Lothian Buses take £50k a year in foreign coins

Sneak use of euros and the like cost Lothian Buses �50,000 last year. Picture: Justin Spittle
Sneak use of euros and the like cost Lothian Buses �50,000 last year. Picture: Justin Spittle
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EDINBURGH bus drivers end up collecting more than £130 every day in foreign and counterfeit coins, it emerged today.

Passengers who successfully sneak the currency into their handful of change cost the council-owned Lothian Buses almost £50,000 last year.

The amount lost is offset by other honest passengers who overpay on the exact-fare only buses, but that still leaves a deficit of £21,384.

For a bus company with two million passengers a week, however, it is not likely to impact the balance sheet.

Transport consultant Robert Drysdale said nonetheless that the issue explained why many bus operators were trying to get rid of cash transactions altogether.

He said: “The principle of not giving change is a good one and it’s a balancing act of running an efficient service while having to put up with people who will chuck in coins 
that are not the right denomination.

“The only way to tackle it would be to have ticket machines on the streets and buses which don’t take change at all, but the investment to do that would be considerable.”

Many operators see exact fares as a way of reducing assaults against drivers, by letting them sit behind safety screens so there is also no way for drivers and passengers to exchange money directly.

Transport convener Councillor Lesley Hinds said drivers were trained to check fares but could not be blamed if people were determined to flout the rules by using counterfeit or foreign coins.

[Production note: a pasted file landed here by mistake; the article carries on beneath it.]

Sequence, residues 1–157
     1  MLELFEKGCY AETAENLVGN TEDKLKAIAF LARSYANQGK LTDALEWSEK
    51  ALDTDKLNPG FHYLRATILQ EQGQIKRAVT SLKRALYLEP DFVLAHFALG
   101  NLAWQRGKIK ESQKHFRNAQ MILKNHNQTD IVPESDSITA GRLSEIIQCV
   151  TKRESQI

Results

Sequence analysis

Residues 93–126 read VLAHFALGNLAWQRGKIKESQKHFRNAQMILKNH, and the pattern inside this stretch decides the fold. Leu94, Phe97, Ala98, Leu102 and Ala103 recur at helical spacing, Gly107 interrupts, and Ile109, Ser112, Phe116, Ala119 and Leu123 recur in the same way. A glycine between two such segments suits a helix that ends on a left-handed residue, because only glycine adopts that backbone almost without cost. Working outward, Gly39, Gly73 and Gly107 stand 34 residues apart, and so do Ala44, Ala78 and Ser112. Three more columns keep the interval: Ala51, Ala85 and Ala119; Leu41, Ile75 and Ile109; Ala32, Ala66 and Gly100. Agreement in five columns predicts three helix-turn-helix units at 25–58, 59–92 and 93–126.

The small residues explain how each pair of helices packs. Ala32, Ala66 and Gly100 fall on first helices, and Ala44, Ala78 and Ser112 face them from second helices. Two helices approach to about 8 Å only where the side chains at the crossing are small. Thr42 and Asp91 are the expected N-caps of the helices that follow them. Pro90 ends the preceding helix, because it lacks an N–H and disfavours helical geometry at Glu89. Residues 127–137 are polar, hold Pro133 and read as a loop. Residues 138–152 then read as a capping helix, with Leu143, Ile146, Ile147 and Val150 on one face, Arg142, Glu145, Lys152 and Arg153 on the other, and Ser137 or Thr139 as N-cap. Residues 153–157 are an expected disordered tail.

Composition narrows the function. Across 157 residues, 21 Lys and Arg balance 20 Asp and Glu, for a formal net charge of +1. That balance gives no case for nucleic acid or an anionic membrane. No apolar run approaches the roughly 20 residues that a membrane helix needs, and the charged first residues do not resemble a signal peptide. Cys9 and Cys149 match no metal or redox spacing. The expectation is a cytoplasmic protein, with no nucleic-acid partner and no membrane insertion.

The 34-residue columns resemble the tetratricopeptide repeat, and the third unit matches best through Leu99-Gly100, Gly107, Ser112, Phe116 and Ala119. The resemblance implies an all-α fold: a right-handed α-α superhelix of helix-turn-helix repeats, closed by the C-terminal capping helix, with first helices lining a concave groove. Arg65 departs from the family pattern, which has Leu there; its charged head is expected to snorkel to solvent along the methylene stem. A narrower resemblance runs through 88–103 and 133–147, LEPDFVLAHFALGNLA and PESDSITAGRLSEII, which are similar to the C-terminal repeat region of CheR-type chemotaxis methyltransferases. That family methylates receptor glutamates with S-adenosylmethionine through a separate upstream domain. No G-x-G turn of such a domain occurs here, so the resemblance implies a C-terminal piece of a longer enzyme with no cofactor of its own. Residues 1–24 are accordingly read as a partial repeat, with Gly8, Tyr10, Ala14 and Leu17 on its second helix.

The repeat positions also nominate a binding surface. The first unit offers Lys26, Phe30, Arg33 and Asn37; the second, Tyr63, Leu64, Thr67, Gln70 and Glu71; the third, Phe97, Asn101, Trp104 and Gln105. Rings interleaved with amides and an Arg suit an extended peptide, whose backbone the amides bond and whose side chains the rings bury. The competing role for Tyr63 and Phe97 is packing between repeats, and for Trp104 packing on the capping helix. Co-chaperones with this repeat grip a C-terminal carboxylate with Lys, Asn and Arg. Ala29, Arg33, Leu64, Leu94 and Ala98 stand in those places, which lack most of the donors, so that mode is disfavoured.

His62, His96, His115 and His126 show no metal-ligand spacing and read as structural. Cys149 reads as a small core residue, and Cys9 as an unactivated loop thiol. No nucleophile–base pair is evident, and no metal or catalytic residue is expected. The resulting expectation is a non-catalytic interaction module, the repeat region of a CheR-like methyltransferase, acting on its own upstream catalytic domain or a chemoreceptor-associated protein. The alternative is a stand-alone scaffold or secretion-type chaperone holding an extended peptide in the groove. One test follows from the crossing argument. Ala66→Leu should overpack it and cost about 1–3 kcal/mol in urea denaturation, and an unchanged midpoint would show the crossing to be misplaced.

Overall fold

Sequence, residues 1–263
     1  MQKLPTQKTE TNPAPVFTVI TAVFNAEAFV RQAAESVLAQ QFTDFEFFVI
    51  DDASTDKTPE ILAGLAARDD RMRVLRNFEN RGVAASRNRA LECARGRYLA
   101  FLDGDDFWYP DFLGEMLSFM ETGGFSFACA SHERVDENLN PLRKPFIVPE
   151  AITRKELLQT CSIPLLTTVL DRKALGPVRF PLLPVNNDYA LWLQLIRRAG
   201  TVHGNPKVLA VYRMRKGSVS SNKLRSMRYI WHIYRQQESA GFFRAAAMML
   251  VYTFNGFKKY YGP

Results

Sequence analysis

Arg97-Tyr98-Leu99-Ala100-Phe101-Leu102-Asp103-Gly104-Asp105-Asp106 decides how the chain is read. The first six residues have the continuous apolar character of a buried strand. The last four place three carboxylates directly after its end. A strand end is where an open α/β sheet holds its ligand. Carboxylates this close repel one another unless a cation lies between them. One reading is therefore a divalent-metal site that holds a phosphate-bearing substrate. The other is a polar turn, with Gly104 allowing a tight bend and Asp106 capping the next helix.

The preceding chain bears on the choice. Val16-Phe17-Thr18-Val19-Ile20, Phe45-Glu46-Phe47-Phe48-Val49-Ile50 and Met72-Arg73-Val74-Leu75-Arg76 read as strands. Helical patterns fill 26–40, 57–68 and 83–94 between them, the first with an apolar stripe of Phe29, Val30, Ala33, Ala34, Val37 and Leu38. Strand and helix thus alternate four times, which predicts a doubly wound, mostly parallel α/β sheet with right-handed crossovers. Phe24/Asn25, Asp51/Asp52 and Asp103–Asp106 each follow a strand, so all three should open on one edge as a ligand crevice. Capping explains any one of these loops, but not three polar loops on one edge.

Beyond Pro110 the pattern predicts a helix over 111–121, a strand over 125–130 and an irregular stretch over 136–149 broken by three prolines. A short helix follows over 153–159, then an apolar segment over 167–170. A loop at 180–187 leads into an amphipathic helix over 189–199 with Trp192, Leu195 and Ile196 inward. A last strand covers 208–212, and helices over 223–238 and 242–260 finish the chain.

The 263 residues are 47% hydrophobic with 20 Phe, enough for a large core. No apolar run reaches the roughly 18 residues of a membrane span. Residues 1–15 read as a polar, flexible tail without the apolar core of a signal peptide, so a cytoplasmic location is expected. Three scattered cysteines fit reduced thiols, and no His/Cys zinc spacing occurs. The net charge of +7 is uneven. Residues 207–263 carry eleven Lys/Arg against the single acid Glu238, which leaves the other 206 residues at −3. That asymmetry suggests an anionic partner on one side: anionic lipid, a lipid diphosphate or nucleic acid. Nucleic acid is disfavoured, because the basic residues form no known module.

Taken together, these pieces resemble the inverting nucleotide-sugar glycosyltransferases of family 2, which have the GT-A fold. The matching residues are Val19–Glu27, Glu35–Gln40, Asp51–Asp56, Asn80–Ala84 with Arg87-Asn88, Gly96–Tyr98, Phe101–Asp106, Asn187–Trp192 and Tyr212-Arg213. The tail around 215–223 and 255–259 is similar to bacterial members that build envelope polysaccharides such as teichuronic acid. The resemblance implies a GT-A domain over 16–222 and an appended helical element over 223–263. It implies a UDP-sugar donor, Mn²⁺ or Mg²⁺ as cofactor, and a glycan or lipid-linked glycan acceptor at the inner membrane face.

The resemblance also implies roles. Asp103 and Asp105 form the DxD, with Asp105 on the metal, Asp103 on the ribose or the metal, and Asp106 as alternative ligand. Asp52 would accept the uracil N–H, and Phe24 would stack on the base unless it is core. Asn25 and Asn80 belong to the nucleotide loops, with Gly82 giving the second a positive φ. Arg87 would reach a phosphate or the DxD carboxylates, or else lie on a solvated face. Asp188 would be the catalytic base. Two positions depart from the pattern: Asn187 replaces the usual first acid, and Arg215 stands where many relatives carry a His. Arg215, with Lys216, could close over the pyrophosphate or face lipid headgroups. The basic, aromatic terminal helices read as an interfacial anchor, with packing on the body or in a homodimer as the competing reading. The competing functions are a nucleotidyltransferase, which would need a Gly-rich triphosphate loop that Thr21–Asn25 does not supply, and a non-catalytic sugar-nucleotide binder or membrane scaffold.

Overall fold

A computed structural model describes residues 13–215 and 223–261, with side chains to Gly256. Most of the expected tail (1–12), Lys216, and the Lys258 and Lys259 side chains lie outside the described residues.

She said: “It sounds like a lot of money but, in the grand scheme of things, it is probably a very small fraction of what they take.”

It is understood that all foreign cash received is eventually given to charity while the counterfeit coins are disposed of so they cannot be used again.

New figures also showed today that the amount of overpayments received by Lothian Buses has dramatically reduced to just £26,188 following the move last year to a £1.50 fare.

The company raked in £194,035 more than the value of ticket sales in 2012 - when the fare was the slightly more difficult to find £1.40 – and £140,882 the year before when it was £1.30.

It is not known how many foreign and counterfeit coins were collected in those two years.

Earlier this month, the News revealed the new “citysmart” card for Capital commuters which can be used on Lothian Buses and the Edinburgh Trams.

Dubbed an “Oystercard for Edinburgh”, the ID imitates the electronic ticketing used across nearly all public transport links in Greater 

A spokesman for Lothian Buses said the new card was one of the ways it was looking at to reduce how much cash was used on its routes.

He said: “The exact fare system has worked well for a very long time but we are keen to develop new methods of payment.

“With the introduction of m-ticketing and citysmart, we are offering attractive alternative ways of paying in order to reduce the volume of cash taken on our buses.”